|M.Sc Student||Bar-on Roi|
|Subject||Modeling Hydrodynamic and Physicochemical Effects in|
Micro-Particle and Bacterium Deposition on
|Department||Department of Chemical Engineering||Supervisor||Professor Viatcheslav Freger|
|Full Thesis text|
Aquatic surfaces tend to be fouled over time by both non-living matter (particles, colloids, salts, organics and macromolecules) and microorganisms such as bacteria. Fouling is associated with irreversible particle attachment and harms structures immersed or in contact with water, such as pipes, membranes, vascular grafts etc. This motivates the search for anti-fouling surfaces, which requires a physical understanding and interpretation for bacterium and particle deposition on surfaces and their relation to surface characteristics. For instance, the Groningen group reported that a glass surface coated with polyethylene oxide (PEO), with a thickness of 23.7 nm, largely reduced bacterial accumulation on the surface (Roosjen et al. 2004).
Parallel plate flow chamber (PPFC), is a common experimental setup for studying deposition of bacteria and particles. Its results are commonly analyzed using the classical Smoluchowski-Levich (SL) convection-diffusion model, which neglects gravity and lift forces and assumes a perfectly adsorbing surface. However, recently published experiments as well as our data demonstrate that the SL model doesn’t adequately predict the observed trends. For instance, experiments show that deposition flux increases along the channel, whereas the SL model predicts a decreasing trend. The main goal of this work was to understand the reason for this discrepancy and propose a more adequate model that will cover a variety of particle-surface systems including deposition of bacterial cells.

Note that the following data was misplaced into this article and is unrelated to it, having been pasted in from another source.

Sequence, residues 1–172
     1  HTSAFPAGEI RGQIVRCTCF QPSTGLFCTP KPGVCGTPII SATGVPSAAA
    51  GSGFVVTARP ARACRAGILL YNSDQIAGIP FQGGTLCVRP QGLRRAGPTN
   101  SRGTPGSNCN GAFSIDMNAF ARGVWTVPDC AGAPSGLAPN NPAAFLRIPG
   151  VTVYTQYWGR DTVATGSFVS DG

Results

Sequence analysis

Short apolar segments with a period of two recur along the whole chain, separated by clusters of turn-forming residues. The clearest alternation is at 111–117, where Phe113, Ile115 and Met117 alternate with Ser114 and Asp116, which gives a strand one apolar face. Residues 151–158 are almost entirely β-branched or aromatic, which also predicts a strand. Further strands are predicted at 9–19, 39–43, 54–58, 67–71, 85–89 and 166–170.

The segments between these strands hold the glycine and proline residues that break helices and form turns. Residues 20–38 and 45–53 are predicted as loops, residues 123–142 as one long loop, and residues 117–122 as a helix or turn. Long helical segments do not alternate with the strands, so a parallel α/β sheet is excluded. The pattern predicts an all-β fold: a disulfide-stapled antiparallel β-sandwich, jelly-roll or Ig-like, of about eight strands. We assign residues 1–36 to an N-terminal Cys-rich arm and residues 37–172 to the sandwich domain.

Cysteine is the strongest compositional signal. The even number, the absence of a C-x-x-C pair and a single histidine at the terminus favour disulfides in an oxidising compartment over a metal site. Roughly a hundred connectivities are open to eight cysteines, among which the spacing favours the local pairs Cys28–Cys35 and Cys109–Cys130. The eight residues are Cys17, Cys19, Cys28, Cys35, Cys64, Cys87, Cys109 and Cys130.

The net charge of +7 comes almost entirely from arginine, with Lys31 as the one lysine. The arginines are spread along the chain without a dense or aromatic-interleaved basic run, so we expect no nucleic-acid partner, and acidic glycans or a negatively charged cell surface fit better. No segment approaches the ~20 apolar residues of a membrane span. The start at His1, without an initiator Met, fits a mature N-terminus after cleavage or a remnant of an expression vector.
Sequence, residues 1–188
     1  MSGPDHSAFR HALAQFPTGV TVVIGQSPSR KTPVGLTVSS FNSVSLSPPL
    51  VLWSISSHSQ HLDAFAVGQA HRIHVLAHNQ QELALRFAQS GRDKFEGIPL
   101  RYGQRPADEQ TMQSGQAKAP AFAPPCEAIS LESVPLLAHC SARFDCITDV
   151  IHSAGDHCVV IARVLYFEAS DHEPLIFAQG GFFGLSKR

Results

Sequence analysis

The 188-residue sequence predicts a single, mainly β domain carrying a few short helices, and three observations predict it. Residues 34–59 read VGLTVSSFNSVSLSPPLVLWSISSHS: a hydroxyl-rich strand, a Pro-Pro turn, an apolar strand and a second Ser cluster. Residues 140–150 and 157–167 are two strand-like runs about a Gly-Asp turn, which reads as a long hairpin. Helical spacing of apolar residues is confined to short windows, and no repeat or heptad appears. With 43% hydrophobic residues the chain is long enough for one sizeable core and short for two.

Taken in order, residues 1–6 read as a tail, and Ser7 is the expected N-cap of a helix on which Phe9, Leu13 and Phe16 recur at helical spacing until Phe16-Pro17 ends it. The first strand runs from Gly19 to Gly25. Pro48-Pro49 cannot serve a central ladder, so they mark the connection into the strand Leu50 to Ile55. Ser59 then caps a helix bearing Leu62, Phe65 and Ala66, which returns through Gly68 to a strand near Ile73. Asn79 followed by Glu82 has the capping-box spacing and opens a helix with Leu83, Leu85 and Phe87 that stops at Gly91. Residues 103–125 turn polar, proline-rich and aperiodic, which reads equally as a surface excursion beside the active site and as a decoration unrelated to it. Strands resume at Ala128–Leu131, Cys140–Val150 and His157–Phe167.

We addressed the problem by incorporating additional effects, such as gravity, lift and adhesion, into the convection-diffusion model. To address the complex interplay of adhesion forces and near-surface hydrodynamics, we defined a kinetic parameter -deposition coefficient - that is introduced through a boundary condition, and may serve as a simple and practical indicator of the propensity of the surface to be fouled by particles or cells. The numerical solution of the model highlighted that sedimentation (gravity) and adhesion forces are mainly responsible for the observed trends, which explains the poor agreement with the SL model. In particular, we show that reversal of the trend of deposition rate from decreasing to increasing along the channel is associated with the deposition rate coefficient becoming smaller than the terminal sedimentation velocity. In addition, we develop approximate analytical relations that allow a more facile parameter fitting and comparison with experimental results than the full numerical solution. Ultimately, we demonstrate the use of the model for fitting and analyzing real bacterium and particle deposition data. The new model may become a useful tool in analyzing deposition experiments and quantifying propensity of different surfaces to particle fouling and biofouling.